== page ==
Getting a raise–whether a general one as took effect for most employees effective January 7 or on an individual basis, such as on a promotion or advancing within a grade–provides a good opportunity to reassess TSP investments.

For employees making investments based on a percentage of salary, investment amounts increase automatically when a raise takes effect. Those making investments based on a dollar amount per pay period must file a new investment election if they want to boost their investments.

Employees under FERS further should note that to capture the maximum government contributions, they need to pace their investments so that they are able to invest at least 5 percent of salary each pay period throughout the year. If they hit the annual limit ($18,500 in 2018) before that, their regular investments will shut off, and so will agency matching contributions (although the automatic 1 percent of salary contribution would continue). Once lost, matching contributions can’t be recouped. Employees investing on a percentage of salary basis might cross that threshold too soon in 2018, due to the impact of a raise.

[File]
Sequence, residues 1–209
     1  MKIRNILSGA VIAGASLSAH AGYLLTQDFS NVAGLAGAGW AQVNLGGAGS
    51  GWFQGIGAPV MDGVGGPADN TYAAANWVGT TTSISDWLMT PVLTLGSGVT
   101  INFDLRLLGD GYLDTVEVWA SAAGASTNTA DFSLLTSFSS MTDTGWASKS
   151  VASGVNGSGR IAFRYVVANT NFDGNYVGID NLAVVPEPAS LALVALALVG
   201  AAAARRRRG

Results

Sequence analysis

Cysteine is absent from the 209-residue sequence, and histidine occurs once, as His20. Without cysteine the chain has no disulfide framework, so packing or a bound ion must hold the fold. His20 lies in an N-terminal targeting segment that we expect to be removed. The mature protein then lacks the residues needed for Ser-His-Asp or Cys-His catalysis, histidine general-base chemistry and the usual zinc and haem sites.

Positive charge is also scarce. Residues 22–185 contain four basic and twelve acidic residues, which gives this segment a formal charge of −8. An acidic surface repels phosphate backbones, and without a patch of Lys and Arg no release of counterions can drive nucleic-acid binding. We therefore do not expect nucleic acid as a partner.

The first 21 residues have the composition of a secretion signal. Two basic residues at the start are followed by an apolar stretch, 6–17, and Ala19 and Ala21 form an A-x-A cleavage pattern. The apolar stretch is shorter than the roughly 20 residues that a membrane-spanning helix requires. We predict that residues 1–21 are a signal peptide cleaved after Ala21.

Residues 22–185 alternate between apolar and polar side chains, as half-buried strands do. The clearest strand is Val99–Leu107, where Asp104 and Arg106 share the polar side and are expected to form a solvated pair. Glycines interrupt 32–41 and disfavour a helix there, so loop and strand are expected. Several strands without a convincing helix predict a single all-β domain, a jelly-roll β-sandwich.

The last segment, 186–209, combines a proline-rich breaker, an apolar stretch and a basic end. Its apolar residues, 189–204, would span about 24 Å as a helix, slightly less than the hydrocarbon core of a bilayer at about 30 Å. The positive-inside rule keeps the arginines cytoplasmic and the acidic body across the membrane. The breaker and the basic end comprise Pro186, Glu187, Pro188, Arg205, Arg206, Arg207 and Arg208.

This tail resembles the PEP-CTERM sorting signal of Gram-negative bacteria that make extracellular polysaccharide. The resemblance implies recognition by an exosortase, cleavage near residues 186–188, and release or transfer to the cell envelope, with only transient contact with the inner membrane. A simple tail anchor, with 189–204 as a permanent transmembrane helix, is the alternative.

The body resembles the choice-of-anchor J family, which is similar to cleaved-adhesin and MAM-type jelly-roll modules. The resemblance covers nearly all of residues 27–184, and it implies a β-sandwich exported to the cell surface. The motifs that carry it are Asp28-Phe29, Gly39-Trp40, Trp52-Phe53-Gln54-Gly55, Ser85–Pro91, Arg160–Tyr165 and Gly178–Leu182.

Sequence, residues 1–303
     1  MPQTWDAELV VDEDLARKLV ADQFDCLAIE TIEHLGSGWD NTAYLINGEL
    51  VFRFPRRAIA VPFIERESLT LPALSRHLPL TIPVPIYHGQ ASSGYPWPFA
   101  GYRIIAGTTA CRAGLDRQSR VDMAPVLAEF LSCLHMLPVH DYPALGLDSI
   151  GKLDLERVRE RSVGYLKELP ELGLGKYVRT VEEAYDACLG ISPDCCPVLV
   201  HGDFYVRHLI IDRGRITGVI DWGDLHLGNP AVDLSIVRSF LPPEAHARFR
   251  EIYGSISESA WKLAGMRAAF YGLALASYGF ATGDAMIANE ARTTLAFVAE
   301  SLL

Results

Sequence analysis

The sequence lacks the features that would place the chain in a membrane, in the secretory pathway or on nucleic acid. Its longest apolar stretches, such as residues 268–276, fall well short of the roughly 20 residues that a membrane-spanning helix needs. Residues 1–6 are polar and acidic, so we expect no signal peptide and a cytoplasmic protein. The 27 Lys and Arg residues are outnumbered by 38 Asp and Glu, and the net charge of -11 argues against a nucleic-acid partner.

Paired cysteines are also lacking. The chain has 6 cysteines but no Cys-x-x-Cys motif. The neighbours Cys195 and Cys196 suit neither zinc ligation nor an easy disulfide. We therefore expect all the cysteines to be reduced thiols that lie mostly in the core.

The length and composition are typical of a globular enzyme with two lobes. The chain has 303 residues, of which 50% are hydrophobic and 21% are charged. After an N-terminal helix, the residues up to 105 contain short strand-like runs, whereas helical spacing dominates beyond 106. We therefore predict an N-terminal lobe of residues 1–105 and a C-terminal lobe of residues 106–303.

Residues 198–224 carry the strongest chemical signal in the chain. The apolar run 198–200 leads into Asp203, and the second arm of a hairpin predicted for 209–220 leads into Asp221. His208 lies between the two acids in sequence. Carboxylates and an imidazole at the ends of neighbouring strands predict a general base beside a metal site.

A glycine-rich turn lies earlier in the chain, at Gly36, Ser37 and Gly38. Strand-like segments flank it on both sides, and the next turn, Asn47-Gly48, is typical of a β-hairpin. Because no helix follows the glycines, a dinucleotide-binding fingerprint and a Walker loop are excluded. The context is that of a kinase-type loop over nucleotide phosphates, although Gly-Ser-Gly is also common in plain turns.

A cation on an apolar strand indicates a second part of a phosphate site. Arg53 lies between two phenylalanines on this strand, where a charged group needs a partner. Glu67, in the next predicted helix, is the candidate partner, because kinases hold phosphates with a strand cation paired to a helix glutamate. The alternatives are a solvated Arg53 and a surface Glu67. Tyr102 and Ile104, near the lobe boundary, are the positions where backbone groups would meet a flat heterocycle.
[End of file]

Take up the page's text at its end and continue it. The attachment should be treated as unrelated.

FERS employees also will want to check the number of pay distribution dates–not the ending dates of biweekly pay periods–for them in 2018 to best structure their investments. Typically it is 26, but there are situations where it can be one more or one fewer. (The actual investment in the TSP often is made later than the individual’s pay distribution date but that is not an issue for these purposes.)

There is no such consideration for CSRS employees, who get no government contributions. Many of them “front-load” by investing at high rates early in the year in order to get the money into their accounts as soon as possible.